A very good Radio 4 programme on the success and otherwise of modern and historical protest movements. This is very good for key contemporary pressure group examples.
In an age when technology has made organising protest movements easier than ever before, journalist Zoe Williams asks why we aren’t seeing long-term results. She looks back on the global history of activism to discover the pre-conditions needed for concrete change.
I have been working on updating my Pressure Group Keynote slides. It seems A level textbooks tend to concentrate largely on dated or traditional pressure groups, yet there are a number of very interesting new organisations that require understanding. Continue reading →
A Pressure Group is an organised group that does not hold candidates for election, but seeks to influence and change government policy or legislation. They are also described as ‘interest groups’, ‘lobby groups’ or ‘protest groups’. In Britain, the number of political parties is on the small scale compared to the mass number of pressure groups that run into their thousands. Pressure Groups can be distinguished in a variety of different ways including; local/national/European/transnational groups and temporary/permanent groups, however the most common distinctions are between:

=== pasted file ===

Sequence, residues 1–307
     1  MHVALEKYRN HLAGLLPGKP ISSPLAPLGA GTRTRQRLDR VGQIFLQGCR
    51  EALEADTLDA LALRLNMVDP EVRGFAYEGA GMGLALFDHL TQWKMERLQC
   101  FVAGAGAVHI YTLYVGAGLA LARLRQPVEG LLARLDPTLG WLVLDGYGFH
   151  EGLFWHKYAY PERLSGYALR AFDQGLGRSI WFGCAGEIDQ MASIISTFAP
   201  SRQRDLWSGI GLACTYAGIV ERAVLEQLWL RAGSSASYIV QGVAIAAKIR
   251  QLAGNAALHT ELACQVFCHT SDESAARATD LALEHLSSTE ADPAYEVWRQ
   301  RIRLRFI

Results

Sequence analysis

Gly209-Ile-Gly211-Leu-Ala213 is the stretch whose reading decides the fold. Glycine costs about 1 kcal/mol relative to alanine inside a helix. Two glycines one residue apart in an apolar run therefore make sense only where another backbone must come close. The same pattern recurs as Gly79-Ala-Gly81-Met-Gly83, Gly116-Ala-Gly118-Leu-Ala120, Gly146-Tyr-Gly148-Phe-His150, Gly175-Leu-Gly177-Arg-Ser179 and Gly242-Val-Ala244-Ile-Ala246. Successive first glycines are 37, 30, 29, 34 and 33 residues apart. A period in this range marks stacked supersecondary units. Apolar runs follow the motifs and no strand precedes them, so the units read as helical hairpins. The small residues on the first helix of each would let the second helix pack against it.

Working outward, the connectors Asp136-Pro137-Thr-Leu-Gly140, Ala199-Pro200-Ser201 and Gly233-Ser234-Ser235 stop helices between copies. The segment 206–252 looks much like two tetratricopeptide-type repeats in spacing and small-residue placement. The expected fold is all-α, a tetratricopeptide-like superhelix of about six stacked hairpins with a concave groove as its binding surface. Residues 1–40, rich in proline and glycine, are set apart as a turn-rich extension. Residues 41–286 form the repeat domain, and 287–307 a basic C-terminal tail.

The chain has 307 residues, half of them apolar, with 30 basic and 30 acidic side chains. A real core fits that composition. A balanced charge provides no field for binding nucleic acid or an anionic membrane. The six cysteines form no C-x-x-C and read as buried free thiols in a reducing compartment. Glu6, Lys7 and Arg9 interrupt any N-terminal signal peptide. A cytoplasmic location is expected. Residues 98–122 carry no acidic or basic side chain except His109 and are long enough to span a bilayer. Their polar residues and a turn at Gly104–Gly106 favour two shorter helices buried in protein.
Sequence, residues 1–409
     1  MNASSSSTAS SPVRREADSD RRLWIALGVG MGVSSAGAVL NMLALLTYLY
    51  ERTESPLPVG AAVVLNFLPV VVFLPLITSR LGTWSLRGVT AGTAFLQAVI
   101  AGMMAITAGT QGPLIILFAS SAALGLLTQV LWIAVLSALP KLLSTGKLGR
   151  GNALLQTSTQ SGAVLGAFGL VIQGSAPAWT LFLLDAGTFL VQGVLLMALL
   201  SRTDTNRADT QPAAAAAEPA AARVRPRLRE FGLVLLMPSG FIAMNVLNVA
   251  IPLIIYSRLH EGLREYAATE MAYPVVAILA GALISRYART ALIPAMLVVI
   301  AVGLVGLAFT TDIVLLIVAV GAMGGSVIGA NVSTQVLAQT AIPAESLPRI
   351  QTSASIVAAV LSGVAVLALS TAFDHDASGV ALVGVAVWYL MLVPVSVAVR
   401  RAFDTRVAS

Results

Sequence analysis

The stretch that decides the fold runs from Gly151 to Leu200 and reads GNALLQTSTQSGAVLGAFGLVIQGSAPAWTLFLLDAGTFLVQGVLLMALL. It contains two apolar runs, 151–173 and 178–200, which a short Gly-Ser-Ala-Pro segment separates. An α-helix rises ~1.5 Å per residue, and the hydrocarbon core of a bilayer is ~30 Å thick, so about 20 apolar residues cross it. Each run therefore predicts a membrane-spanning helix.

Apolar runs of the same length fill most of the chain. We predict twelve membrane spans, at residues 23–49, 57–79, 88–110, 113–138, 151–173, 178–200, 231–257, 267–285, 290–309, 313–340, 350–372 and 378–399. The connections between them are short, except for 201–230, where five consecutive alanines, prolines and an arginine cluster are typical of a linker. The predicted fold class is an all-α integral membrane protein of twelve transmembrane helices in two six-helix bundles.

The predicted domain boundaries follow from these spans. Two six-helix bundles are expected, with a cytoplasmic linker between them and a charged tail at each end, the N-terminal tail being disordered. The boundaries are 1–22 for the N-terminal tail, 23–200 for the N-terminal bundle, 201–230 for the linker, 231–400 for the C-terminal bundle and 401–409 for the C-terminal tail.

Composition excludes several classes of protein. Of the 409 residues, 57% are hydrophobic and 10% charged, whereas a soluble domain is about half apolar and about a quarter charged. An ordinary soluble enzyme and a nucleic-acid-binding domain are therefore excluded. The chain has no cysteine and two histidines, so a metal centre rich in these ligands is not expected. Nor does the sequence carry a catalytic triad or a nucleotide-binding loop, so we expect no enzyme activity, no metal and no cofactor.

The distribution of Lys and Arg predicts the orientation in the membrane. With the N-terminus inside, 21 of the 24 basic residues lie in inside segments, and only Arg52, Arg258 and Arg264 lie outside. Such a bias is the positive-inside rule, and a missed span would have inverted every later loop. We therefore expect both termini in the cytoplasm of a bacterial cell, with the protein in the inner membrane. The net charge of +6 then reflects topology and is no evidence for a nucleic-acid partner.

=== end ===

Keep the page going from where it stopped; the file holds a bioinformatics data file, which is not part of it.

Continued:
Interest and cause groups / Insider and outsider groups
Interest groups (sometimes called ‘sectional’, ‘protective’ or ‘functional’ groups) are groups that represent a particular section of society, for example, workers, employers, consumers, an ethnic or religious group.
Interest groups have the following features:
They are concerned to protect or advance the interests of their members
Limited membership to people in a particular occupation, career or economic position
Members that are motivated by material self-interest
Examples of this type of group are trade unions, business corporations, trade associations and professional bodies. They are called ‘sectional’ groups because they represent a particular section of the population. Specific examples include the British Medical Association (BMA), the Law Society, the National Union of Teachers (NUT) as the Confederation of British Industry (CBI) and the Trades Union Congress (TUC).
Cause groups (sometimes called ‘promotional’, ‘attitude’ or ‘issue’ groups) are groups that are based on shared attitudes or values, rather than the common interests of its members. They seek to advance many and various causes and range from charity activities, poverty reduction, education and the environment, to human rights, international development and peace.
Cause groups have the following features:
They seek to advance particular ideals or principles
Membership is open to all
Members are motivated by moral or altruistic concerns (the betterment of others)
Specific examples of cause groups include the Worldwide Fund for Nature (WWF), Amnesty International, Shelter, the Royal Society for the Protection of Birds (RSPB) and the Electoral Reform Society.